In this increasingly data-driven world it is becoming more important for businesses to be customer intelligent in order to reach their target audience, efficiently serve customer needs, and increase their bottom line. At Silicon Valley Research Group, we believe that good customer intelligence is built on three component parts: big data, social data, and primary research. However, strides in AI and Machine Learning technology are revolutionizing all three aspects of intelligence gathering and, consequently, the way in which we discover key customer insights.
What is perhaps the most startling aspect about machine learning is the extent of its ability to build on itself and become “smarter” over time. There are two primary ways an AI learns; an AI might be programmed through “supervised learning,” in which a programmer tells the AI what to do, and then there is the more powerful process of “unsupervised learning,” in which the AI effectively teaches itself by building a neural network. This neural network may become so sophisticated that, much like a child learning to walk then run, you could metaphorically put a ditch in the path of an AI and the unsupervised program will, all on its own, try to jump over the ditch to achieve its goal. Programmers can then effectively tell an otherwise unsupervised AI, “good job” or “try again,” which is generally referred to as “reinforcement learning.” The technology is impressive and its potential even more so. It’s no wonder more businesses are turning to AI and machine learning solutions.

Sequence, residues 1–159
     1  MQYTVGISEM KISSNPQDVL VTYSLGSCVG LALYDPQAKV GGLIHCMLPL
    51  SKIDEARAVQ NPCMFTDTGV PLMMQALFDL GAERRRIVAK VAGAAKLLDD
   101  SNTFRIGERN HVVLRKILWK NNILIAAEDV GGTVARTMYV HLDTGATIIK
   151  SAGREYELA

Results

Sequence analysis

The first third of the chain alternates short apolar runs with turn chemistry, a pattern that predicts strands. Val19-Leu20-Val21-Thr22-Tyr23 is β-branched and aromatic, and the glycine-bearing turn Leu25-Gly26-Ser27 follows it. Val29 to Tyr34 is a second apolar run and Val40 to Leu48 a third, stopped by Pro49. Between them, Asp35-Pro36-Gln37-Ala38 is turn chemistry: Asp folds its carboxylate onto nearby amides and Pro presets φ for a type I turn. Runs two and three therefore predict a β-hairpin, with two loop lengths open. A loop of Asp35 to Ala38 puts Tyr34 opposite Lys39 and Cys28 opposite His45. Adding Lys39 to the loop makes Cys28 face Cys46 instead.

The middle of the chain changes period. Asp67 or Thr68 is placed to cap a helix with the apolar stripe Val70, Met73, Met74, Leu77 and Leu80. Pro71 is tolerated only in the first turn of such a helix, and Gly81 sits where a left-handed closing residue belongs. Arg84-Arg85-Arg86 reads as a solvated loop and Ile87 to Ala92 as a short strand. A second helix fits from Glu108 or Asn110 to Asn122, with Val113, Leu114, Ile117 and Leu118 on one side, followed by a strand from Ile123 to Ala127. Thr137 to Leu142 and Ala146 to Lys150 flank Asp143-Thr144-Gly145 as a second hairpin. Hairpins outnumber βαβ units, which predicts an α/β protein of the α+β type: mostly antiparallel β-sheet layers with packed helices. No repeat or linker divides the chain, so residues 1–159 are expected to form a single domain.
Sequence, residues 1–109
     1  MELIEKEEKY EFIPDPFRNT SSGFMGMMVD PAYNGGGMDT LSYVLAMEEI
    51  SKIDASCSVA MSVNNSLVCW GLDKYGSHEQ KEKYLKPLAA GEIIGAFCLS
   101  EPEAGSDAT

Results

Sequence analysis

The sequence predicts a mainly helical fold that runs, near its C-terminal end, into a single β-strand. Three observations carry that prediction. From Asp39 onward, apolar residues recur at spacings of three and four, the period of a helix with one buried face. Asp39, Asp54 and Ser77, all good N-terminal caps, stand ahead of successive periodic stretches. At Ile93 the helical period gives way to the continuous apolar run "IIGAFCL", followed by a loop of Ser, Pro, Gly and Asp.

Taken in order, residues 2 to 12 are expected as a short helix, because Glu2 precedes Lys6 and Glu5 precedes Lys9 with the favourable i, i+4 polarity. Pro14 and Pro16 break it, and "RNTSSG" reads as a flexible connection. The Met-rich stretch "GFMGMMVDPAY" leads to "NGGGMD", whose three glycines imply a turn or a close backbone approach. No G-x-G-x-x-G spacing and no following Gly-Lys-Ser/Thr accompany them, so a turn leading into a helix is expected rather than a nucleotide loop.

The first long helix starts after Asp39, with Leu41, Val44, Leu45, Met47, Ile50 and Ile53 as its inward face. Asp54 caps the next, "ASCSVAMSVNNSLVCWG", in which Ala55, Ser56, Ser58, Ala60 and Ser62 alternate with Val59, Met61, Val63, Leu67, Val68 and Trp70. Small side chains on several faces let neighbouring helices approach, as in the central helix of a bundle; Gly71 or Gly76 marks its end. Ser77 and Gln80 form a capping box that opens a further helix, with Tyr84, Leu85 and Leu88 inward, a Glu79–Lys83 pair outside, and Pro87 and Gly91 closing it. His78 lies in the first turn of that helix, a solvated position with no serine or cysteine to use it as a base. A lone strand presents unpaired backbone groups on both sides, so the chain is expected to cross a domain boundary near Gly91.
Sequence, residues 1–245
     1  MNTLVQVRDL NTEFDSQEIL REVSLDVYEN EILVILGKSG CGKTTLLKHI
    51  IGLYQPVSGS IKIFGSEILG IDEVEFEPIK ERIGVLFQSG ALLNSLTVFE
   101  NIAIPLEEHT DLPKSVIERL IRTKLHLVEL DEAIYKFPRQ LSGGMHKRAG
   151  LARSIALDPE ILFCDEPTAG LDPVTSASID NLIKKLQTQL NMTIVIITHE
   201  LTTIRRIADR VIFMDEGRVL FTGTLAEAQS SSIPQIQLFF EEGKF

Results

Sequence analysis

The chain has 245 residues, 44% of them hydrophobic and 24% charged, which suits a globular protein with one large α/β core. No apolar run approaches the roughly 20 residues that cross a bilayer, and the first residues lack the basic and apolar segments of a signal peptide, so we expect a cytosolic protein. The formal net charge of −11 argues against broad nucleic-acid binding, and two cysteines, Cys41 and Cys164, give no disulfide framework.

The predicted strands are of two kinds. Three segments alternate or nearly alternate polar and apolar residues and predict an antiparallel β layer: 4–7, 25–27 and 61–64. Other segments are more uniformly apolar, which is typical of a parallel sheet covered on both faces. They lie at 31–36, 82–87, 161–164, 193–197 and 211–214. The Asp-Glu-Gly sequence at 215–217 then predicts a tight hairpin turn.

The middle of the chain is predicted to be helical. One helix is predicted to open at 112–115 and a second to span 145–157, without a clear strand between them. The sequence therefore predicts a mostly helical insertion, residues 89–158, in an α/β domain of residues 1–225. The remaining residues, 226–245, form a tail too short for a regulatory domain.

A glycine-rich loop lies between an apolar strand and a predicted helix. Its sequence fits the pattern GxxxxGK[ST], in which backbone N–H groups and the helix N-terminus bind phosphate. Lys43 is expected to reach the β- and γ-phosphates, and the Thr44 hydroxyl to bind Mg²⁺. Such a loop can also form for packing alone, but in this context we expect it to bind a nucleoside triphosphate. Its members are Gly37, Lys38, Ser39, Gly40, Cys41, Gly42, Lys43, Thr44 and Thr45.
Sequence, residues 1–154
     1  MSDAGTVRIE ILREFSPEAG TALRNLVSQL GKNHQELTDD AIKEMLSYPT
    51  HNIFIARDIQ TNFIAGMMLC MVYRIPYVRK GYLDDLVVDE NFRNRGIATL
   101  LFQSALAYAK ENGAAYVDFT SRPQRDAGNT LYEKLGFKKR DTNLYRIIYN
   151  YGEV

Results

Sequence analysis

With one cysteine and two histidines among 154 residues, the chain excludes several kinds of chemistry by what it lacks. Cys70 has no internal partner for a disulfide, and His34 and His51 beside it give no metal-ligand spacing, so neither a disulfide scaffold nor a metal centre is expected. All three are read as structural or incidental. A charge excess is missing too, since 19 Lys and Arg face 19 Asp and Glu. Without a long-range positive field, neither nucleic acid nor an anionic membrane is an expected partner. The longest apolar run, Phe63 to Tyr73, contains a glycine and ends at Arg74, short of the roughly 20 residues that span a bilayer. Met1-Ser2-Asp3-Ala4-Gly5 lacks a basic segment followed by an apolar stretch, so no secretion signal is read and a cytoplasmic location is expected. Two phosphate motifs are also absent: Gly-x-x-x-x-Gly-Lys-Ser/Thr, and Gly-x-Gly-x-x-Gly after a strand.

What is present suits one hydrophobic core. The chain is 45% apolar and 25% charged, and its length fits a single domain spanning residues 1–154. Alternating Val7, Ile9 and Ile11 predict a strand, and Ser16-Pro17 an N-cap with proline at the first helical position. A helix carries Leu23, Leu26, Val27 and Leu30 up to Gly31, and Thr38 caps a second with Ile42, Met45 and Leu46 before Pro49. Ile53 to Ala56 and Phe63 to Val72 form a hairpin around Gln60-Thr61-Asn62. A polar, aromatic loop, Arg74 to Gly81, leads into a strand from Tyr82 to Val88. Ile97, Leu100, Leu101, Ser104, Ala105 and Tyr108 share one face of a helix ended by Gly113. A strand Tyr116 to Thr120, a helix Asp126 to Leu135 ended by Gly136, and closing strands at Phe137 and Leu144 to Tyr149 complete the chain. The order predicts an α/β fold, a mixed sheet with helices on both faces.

The benefits of AI are most apparent in intelligence and data gathering. While humans are capable of analyzing big data and social data, AI can sort through high-volumes of data much faster and, generally, more accurately. Once an AI has been configured it can even make decisions about what data is relevant and then report trends, correlations, and differences. While AI is of course fully capable of reporting results of closed-ended surveys - such as in conjoint analysis or net promoter scoring - it is also able to then add a layer of interpretation, such as causational inferences and comparison between groups. Natural language processing AI in particular has some promising applications in sentiment analysis: open-ended survey responses and social media data can be searched for keywords and phrases without losing contextual meaning.
With so many applications for AI in customer intelligence, it’s easy to see that this technology will be revolutionizing the way in which marketers achieve insights.
Because marketers will be able to process higher-volumes of quantitative data with more speed and accuracy, they will effectively achieve a birds eye view of their market. AI will help marketers see patterns in customer behavior which allows the marketer to focus on what these behaviors might mean in the context of marketing goals. Using AI analysis of existing data sets, marketers can then create more informed, targeted primary research surveys to gain better insight to the “why” behind these patterns. This allows the marketer to focus on client suggestions and reading between the lines of customer comments.
At this point, you might be wondering why most customer insight hasn’t become fully automated. Well, that’s because AI does have its limits. We’ll be covering those limits and how this affects marketers in Part 2 of this blog.
Heather Carpenter is Marketing Manager of Silicon Valley Research Group, a global market research and strategy development firm focused on the needs of technology companies.
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